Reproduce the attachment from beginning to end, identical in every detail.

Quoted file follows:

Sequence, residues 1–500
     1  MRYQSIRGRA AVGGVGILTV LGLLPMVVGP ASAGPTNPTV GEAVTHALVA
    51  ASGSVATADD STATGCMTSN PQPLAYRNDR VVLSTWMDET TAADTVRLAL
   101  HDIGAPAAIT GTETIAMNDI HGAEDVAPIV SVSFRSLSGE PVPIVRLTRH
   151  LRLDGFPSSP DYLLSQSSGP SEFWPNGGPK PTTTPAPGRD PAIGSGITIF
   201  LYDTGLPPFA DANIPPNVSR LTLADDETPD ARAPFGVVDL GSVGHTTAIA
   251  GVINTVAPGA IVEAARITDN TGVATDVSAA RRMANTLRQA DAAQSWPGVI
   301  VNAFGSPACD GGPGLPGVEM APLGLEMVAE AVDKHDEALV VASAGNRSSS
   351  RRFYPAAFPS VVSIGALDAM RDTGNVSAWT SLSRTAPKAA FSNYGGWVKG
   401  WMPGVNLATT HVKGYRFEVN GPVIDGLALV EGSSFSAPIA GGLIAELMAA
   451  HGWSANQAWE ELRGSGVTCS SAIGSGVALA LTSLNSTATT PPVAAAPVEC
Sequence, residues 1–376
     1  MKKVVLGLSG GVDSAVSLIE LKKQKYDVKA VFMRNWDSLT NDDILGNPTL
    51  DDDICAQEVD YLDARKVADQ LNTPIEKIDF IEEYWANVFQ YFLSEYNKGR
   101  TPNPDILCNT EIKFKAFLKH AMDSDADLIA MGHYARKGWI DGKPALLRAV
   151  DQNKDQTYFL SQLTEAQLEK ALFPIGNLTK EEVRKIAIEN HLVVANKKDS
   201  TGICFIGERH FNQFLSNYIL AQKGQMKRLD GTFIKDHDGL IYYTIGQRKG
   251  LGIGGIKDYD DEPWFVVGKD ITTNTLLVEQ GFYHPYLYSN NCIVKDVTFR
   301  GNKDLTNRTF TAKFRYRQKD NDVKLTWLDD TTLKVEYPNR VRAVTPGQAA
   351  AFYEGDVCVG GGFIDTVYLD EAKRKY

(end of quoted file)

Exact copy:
Sequence, residues 1–500
     1  MRYQSIRGRA AVGGVGILTV LGLLPMVVGP ASAGPTNPTV GEAVTHALVA
    51  ASGSVATADD STATGCMTSN PQPLAYRNDR VVLSTWMDET TAADTVRLAL
   101  HDIGAPAAIT GTETIAMNDI HGAEDVAPIV SVSFRSLSGE PVPIVRLTRH
   151  LRLDGFPSSP DYLLSQSSGP SEFWPNGGPK PTTTPAPGRD PAIGSGITIF
   201  LYDTGLPPFA DANIPPNVSR LTLADDETPD ARAPFGVVDL GSVGHTTAIA
   251  GVINTVAPGA IVEAARITDN TGVATDVSAA RRMANTLRQA DAAQSWPGVI
   301  VNAFGSPACD GGPGLPGVEM APLGLEMVAE AVDKHDEALV VASAGNRSSS
   351  RRFYPAAFPS VVSIGALDAM RDTGNVSAWT SLSRTAPKAA FSNYGGWVKG
   401  WMPGVNLATT HVKGYRFEVN GPVIDGLALV EGSSFSAPIA GGLIAELMAA
   451  HGWSANQAWE ELRGSGVTCS SAIGSGVALA LTSLNSTATT PPVAAAPVEC
Sequence, residues 1–376
     1  MKKVVLGLSG GVDSAVSLIE LKKQKYDVKA VFMRNWDSLT NDDILGNPTL
    51  DDDICAQEVD YLDARKVADQ LNTPIEKIDF IEEYWANVFQ YFLSEYNKGR
   101  TPNPDILCNT EIKFKAFLKH AMDSDADLIA MGHYARKGWI DGKPALLRAV
   151  DQNKDQTYFL SQLTEAQLEK ALFPIGNLTK EEVRKIAIEN HLVVANKKDS
   201  TGICFIGERH FNQFLSNYIL AQKGQMKRLD GTFIKDHDGL IYYTIGQRKG
   251  LGIGGIKDYD DEPWFVVGKD ITTNTLLVEQ GFYHPYLYSN NCIVKDVTFR
   301  GNKDLTNRTF TAKFRYRQKD NDVKLTWLDD TTLKVEYPNR VRAVTPGQAA
   351  AFYEGDVCVG GGFIDTVYLD EAKRKY